This is one of those texts that are absolutely inescapable for literature students. Wherever you live, whichever classes you choose, at one point in your academic career you will encounter Roland Barthes’ “Death of the Author.” Whether you agree with him or not, Barthes introduced a concept that was truly revolutionary and is still a game-changing read for many first- and second-year literature students to this day.
So let’s blow some minds.
In 1968, Roland Barthes wrote an essay called “Death of the Author,” a landmark text in the move from structuralism to post-structuralism. According to Barthes, an author should not claim absolute authority over his or her text:
To give a text an Author is to impose a limit on that text, to furnish it with a final signified, to close the writing […]
It was up to the literary critics to liberate works from their authors, and open up the floor to the reader, creating a sort of ‘collective authorship.’ Writing, according to Barthes, does not originate from a single fixed source, but is unfinished until it’s read. Every reading writes the text anew, because every reader interprets it differently. Barthes writes:
a text is not a line of words releasing a single ‘theological’ meaning (the ‘message’ of the Author-God) but a multi-dimensional space in which a variety of writings, none of them original, blend and clash.
So what does this mean? According to Peter Barry’s Beginning Theory, the death of the author is
a rhetorical way of asserting the independence of the literary text and its immunity to the possibility of being unified or limited by any notion of what the author might have intended, or ‘crafted’ into the work. Instead, the essay makes a declaration of radical textual independence: the work is not determined by intention, or context. Rather, the text is free by its very nature of all such restraints. Hence, as Barthes says in the essay, the corollary of the death of the author is the birth of the reader.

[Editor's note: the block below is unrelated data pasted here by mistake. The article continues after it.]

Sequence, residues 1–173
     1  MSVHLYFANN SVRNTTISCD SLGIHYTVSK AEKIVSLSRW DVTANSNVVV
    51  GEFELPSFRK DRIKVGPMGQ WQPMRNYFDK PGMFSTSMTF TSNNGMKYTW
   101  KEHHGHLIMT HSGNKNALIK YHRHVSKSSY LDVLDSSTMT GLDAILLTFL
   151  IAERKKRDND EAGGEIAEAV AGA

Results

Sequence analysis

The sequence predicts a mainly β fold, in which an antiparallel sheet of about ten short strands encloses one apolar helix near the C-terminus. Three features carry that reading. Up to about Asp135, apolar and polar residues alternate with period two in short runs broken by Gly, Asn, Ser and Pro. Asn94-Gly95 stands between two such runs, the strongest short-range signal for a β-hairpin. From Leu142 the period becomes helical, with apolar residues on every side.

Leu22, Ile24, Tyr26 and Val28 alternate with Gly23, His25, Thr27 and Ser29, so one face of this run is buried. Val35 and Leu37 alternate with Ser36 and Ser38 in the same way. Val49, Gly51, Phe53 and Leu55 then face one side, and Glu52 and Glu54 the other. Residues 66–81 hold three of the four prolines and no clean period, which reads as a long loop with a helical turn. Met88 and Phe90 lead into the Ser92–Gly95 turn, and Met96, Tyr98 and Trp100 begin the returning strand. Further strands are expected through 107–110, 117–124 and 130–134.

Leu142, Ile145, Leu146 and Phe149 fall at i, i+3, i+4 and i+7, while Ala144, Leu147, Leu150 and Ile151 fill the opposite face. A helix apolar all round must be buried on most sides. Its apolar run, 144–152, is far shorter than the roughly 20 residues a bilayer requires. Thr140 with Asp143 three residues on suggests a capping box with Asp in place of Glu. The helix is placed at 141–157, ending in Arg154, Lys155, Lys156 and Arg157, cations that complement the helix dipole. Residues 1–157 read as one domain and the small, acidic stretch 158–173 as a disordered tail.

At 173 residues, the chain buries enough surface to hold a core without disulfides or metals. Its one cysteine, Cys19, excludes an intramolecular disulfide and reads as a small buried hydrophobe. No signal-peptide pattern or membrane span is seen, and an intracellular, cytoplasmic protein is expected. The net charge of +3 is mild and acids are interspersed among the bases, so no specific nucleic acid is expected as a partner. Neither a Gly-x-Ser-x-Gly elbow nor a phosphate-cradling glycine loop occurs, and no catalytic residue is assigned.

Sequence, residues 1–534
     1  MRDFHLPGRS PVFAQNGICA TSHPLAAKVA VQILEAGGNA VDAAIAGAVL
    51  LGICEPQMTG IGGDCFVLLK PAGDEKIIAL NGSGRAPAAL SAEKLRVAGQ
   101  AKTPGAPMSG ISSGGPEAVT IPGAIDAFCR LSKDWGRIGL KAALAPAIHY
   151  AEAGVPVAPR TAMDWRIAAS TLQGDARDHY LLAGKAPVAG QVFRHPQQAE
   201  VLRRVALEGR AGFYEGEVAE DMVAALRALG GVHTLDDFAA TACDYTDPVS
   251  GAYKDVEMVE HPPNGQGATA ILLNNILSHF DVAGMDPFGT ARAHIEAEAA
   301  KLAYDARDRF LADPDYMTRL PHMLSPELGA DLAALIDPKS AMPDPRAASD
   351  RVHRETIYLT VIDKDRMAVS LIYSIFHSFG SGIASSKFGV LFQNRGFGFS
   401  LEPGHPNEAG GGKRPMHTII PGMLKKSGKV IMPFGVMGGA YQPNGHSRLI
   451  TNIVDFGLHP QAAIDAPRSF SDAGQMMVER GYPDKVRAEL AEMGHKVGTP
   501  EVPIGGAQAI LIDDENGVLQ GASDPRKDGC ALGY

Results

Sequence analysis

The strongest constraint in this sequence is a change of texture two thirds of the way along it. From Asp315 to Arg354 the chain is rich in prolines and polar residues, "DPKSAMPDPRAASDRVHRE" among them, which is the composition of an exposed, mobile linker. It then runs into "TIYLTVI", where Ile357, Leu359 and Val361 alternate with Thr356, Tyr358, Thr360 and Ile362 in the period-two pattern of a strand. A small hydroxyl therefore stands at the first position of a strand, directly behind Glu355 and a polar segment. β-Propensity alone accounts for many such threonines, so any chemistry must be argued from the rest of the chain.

Barthes thus saw the death of the author as emancipatory: why should anyone have the final say on what a book “means”? In his view, the author is not an Author-god, but a ‘scriptor,’ someone who produces the work, but is not more equipped to interpret it than anybody else. Practically speaking, authors may not be available or willing to talk about “what they meant.” The information we have on the author’s background may be inaccurate, and might be interpreted differently by another critic. On top of that, since authors are people too, they are inconsistent sources of information: they may not be aware of why they made certain decisions, or change their mind on the work over time. Thus, we should not judge a book by its author, but by its use of language and its impressions on the reader.
Barthes is not saying that the author’s biography is completely irrelevant in literary analysis, but that it is just one of many possible interpretations, and not necessarily the right one: just because the author said it means X, doesn’t make it so. This doesn’t mean that every interpretation is equally valid either. If your reading is based on flawed reasoning or false information, it’s still bad criticism.
Asimov, Isaac. “The Immortal Bard.”
In this short story, Shakespeare flunks a present-day class on his own works.
Borges, Jorge Luis. “Pierre Menard, Author of the Quixote” (Labyrinths).
This short story is a fictional analysis of the work of an imaginary author, Pierre Menard, who decided to write a book that concides word for word with Don Quixote by Miguel de Cervantes. Because the critic interprets Don Quixote using the biography of a different author, he comes up with a reading that is unlike any other work of Cervantes criticism (there are mentions of Nietzsche involved). It is geekily hilarious.